The A21 Campaign has continued to do just that. Over the past several weeks, we have witnessed some really mind-blowing successes in the counter-trafficking world. Just before I sat down to write this blog, I read an article released in Thailand about the rescue of three Thai girls from a brothel here in South Africa. We know from our close connection with the South African police that this rescue was the result of a partnership between Thai police and our South African police. This type of camaraderie has not been seen or demonstrated before, so new territory has been pioneered with the release of this story!

There is also some “epic” cycling happening with Team A21! For the past seven days, cyclers from around the world have been riding in the Cape Epic- the untamed African MTB Race. Our A21 Teams are riding this 718km of mountain terrain and climbing 14,850m to raise awareness and support for victims of human trafficking. While they ride, the A21 schools team has been presenting our prevention material to students in high schools all along the route. This week alone, we presented to over 750 students about human trafficking, what it looks like here in South Africa, and what they can do to protect themselves. We also had the thrill of introducing The A21 Campaign app that I designed for a smart and feature phone program called Mxit. This program will allow us to not only reach young people in developed areas, but also the demographic that resides in impoverished communities all throughout southern Africa. Really really exciting! 

Team A21 riding The Cape Epic
Team A21 riding The Cape Epic
Prevention presentation at Brackenfell High School
Prevention presentation at Brackenfell High School
The home page of The A21 Campaign's Mxit app
The home page of The A21 Campaign’s Mxit app

Outside of work, I have had some pretty remarkable experiences, as well. We spent human rights day with a very timely and appropriate tour of Robben Island. This is where Nelson Mandela and other political prisoners spent a majority of their years in the late 1900’s amidst the revolution to end apartheid in this country. We heard the words of an ex-prisoner and viewed the places in which Mandela drafted documents that would become the fundamental pieces of a new South Africa. We learned of life in the prison then and life on the island today. I left with mental mix of both questions and answers that will have me ruminating for weeks and months ahead.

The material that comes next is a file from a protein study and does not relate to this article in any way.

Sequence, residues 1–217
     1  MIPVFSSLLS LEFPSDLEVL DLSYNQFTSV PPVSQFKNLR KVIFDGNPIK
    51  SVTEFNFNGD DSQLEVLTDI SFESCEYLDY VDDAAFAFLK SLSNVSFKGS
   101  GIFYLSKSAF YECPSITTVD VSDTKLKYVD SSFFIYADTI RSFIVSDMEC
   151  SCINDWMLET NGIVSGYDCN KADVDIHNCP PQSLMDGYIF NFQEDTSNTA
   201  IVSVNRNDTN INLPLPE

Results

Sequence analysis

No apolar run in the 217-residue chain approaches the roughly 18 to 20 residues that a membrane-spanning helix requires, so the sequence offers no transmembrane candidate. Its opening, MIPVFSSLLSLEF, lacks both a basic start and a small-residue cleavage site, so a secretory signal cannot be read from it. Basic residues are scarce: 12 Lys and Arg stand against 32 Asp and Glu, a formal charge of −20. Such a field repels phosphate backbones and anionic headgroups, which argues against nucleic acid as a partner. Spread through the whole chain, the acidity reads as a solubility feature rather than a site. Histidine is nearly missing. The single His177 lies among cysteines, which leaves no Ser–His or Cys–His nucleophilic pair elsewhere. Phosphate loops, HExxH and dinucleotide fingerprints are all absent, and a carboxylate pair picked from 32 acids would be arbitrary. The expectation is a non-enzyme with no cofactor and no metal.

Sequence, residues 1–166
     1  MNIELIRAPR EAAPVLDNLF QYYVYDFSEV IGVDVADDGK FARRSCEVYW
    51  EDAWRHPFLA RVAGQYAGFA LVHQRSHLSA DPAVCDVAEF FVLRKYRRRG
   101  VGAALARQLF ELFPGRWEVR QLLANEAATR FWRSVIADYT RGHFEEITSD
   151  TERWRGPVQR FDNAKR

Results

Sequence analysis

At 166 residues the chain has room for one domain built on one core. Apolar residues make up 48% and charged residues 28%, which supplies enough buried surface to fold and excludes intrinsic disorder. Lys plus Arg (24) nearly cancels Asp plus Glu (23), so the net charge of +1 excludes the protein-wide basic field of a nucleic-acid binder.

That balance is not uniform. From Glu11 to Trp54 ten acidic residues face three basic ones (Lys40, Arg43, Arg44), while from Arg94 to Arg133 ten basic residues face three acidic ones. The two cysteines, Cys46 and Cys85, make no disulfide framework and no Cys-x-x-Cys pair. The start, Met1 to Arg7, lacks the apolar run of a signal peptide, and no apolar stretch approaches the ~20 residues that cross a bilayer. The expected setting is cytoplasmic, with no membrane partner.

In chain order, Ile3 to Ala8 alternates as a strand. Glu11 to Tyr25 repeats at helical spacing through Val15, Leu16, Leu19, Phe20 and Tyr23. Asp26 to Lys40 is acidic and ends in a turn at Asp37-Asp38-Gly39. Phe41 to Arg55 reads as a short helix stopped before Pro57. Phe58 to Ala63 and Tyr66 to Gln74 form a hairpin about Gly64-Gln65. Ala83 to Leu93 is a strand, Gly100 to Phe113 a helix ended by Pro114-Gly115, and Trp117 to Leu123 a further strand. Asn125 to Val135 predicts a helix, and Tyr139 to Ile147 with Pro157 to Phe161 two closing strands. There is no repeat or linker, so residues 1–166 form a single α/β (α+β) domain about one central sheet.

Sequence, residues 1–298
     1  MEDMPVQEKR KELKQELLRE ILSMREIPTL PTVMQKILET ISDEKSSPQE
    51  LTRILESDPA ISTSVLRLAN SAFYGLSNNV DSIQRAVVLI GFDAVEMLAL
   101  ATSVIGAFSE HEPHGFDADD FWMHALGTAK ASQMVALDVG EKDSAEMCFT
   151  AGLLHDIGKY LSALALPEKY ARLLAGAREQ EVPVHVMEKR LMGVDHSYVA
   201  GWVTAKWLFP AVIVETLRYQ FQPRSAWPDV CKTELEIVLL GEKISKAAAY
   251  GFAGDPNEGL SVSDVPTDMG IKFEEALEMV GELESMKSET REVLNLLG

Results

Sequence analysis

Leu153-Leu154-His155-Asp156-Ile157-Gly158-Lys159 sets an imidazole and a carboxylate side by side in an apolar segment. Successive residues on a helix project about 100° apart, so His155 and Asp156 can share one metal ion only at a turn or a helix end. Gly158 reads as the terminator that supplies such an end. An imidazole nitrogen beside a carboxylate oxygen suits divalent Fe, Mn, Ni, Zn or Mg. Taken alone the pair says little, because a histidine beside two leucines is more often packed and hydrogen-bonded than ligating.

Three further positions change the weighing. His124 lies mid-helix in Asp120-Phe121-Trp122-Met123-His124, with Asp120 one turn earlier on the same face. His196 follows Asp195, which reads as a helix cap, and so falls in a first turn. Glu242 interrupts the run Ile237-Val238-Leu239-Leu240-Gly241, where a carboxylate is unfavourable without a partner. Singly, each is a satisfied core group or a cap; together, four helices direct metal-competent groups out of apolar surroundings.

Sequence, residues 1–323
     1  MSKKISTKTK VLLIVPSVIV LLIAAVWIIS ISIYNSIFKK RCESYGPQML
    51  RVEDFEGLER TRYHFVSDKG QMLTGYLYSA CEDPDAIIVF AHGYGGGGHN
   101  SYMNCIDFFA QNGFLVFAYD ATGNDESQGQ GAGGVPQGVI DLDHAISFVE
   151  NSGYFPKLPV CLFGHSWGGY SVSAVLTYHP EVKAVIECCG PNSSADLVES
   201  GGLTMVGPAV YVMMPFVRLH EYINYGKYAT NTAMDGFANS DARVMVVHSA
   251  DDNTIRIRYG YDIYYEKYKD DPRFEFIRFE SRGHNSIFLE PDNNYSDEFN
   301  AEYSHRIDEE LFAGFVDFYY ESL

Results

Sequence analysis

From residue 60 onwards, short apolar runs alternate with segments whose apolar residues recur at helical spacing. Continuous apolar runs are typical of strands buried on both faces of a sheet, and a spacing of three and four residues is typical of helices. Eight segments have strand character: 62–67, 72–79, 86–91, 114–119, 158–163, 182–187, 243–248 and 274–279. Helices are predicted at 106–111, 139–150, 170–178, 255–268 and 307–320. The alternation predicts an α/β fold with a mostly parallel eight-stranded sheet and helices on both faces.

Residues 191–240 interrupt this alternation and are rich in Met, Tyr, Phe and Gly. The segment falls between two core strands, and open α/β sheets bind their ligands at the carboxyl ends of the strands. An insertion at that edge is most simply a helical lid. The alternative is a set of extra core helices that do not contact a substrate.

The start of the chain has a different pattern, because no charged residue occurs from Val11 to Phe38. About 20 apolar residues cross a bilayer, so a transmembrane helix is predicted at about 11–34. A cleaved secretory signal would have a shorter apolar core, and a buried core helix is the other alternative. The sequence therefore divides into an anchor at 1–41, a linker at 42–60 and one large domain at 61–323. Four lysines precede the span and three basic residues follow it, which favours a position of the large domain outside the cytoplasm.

Table Mountain as viewed from Robben Island
Table Mountain as viewed from Robben Island
A former prisoner of Robben Isand shares his story
A former prisoner of Robben Isand shares his story
Cell 5, B-Section where Nelson Mandela spent 18 years of his life.
Cell 5, B-Section where Nelson Mandela spent 18 years of his life.

The excitement will certainly continue now that my family has arrived in South Africa! After 36 hours, they touched down exactly half-way around the globe from our home in Oregon (literally- Klamath Falls is the farthest point from South Africa both latitudinal and longitudinally- crazy). We have the week mapped out in a document that I have titled “Adkisson Family Takes South Africa” :) There should be no lack of fun here!

The Adkisson family's South Africa survival pack- loaded with biltong, speckled eggs, Milo, Rooibos tea, Nik Naks, Koeksister, BarOne... only some of SA's favorite fares.

The Adkisson family’s South Africa survival pack- loaded with biltong, speckled eggs, Milo, Rooibos tea, Nik Naks, Koeksister, BarOne... only some of SA’s favorite fares.

Cannot wait to check back in with you!

Until next week,

JoAnna

Worth

worth: 1. good or important enough to justify (what is specified): advice worth taking; a place worth visiting. 2. having a value of, or equal in value to...

The last two weeks have had their fair share of adventures! As I come to work everyday, I am utterly amazed at what is being done in the fight to end injustice here in South Africa- and what a privilege it is to take part.

Since I last posted, we have presented to several government interfaces including the Western Cape Metro 1 community development workers (CDW), victim assistance workers, and law enforcement officers.  The CDW meeting was held in Khayelitsha, one of the Western Cape’s largest townships. The workers there represent the meeting place of government and civil society for some of the most impoverished communities in the areas surrounding Cape Town. The presentation that we gave them has been vetted by the South African counter trafficking coalition (CTC) and includes information about human trafficking, what it looks like globally and here in South Africa, and how these officials can identify and respond to it in their communities. For the first time, I really felt like I could see and hear the disconnect between cultural traditions and the proper implementation of counter-trafficking legislation coming down the pipeline here in South Africa. One example was embodied in the conversation surrounding ukuthwala- a traditional practice in this region that sometimes takes the form of forced marriage between an older man and an underage girl. Our presentation includes a slide about the first trafficking conviction in the Western Cape of a man who ukuthwalad a 14 year old girl (http://ewn.co.za/2014/02/14/Ukuthwala-rapist-gets-22-year-sentence). What ensued was a heated conversation that opened my eyes to so many of the challenges that we [NGOs, government, civil society] have and will continue to face when advancing the prevention and awareness side of human trafficking.